Roy, Surendra N. (1928-1985)

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Surendra N. Roy was the second child and eldest son in a family of eight children. His father, Rev. Samuel Roy, was employed, first as a "Bible teacher" (lay evangelist) and later as a pastor, by the Brethren in Christ Church, India.

Surendra received his theological training at the Allahabad Bible Seminary. In 1950 he returned to serve the Brethren in Christ Church, located in Bihar State. During his 35 years of ministry, Roy was involved in all levels of Christian service. For many years, he provided leadership for the Brethren in Christ Church Society of India, frequently alternating between the positions of chairman and treasurer. At the same time, he served as the regional superintendent of the Saharsa District, helped to develop and manage Jiwan Jyoti (Light of Life Bookstore) and was long-term pastor of the Saharsa congregation. Roy had a unique ministry to upper-class Hindus. He moved with ease among local government officials and was respected by the secular and business leaders of Saharsa.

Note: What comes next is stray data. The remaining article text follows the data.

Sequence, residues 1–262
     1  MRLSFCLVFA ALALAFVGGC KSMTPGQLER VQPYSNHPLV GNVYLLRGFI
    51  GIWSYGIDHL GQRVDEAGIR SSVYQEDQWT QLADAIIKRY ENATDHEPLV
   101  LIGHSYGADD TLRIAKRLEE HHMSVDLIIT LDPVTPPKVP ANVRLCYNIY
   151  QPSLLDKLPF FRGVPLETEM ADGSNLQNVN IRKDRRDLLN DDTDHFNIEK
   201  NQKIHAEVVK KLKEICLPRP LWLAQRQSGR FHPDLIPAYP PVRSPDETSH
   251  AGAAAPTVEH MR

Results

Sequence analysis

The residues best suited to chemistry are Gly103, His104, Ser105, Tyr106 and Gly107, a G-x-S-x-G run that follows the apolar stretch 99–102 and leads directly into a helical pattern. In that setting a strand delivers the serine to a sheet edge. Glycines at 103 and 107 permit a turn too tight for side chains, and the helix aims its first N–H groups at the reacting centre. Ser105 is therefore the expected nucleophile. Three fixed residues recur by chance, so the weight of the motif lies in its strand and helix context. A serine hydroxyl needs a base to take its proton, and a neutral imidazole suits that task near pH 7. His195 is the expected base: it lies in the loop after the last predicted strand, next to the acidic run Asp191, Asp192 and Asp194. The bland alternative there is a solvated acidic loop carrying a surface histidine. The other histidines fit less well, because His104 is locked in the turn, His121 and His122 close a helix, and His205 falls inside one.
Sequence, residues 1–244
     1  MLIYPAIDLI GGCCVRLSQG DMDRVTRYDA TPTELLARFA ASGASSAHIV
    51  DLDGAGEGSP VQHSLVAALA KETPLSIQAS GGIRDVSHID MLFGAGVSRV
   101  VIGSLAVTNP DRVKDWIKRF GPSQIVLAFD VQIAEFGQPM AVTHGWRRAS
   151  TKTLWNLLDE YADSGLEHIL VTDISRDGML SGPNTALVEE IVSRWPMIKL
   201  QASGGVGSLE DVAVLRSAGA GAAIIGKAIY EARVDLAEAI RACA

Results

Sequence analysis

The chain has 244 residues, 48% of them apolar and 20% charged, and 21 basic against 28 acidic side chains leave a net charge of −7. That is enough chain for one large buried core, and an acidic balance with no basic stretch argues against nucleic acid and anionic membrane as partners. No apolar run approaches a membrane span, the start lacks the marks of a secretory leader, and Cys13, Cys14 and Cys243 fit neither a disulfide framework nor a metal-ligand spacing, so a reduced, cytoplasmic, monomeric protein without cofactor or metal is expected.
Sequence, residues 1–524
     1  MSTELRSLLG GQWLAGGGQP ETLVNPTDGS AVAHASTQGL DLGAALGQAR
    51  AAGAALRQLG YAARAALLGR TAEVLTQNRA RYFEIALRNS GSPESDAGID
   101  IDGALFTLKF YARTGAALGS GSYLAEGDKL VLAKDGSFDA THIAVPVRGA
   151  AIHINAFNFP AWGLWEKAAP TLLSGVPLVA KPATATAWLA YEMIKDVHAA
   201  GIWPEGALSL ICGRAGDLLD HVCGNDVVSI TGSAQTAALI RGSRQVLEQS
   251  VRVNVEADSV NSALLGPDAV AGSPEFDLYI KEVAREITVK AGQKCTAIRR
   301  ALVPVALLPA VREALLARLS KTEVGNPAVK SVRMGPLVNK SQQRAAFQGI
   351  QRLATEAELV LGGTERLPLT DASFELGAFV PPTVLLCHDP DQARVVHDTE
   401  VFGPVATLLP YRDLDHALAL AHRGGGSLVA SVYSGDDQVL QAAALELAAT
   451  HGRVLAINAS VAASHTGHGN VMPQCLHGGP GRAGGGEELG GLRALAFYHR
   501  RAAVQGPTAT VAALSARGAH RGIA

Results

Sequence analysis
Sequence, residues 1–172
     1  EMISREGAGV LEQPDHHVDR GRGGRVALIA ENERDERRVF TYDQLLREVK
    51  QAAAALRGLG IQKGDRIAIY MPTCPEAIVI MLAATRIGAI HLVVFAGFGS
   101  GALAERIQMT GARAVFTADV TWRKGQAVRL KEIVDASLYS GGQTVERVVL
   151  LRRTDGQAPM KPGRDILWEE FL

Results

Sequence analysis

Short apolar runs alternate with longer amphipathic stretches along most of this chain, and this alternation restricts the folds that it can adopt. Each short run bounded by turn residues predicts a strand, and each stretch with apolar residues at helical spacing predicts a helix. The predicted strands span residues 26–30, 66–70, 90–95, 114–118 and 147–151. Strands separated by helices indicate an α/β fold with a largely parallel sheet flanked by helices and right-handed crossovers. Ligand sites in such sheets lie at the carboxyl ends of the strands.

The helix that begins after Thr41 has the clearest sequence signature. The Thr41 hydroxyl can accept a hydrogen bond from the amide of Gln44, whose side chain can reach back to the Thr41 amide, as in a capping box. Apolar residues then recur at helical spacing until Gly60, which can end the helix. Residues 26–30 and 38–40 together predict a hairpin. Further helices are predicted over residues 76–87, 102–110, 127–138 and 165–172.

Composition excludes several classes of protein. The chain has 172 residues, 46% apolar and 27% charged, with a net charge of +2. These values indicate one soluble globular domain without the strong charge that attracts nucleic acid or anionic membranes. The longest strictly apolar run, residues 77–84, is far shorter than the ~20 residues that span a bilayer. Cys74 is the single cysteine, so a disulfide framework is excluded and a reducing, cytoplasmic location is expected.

Roy filled a vital role in the transitional period, 1955-1975, when the Indian church assumed responsibility for what had been a North American mission program. He also enjoyed broader church life, involving himself in such groups as the Evangelical Fellowship of India, the Mennonite Christian Service Fellowship of India, and the Evangelical Trust Association of North India. His wife, Dorothy Mary, served during many of these years as the headmistress of the local mission (church) school. They were the parents of five children.

Author(s) Harvey R Sider
Date Published 1989

Cite This Article

MLA style

Sider, Harvey R. "Roy, Surendra N. (1928-1985)." Global Anabaptist Mennonite Encyclopedia Online. 1989. Web. 23 Sep 2021.,_Surendra_N._(1928-1985)&oldid=77304.

APA style

Sider, Harvey R. (1989). Roy, Surendra N. (1928-1985). Global Anabaptist Mennonite Encyclopedia Online. Retrieved 23 September 2021, from,_Surendra_N._(1928-1985)&oldid=77304.


Adapted by permission of Herald Press, Harrisonburg, Virginia, from Mennonite Encyclopedia, Vol. 5, p. 778. All rights reserved.

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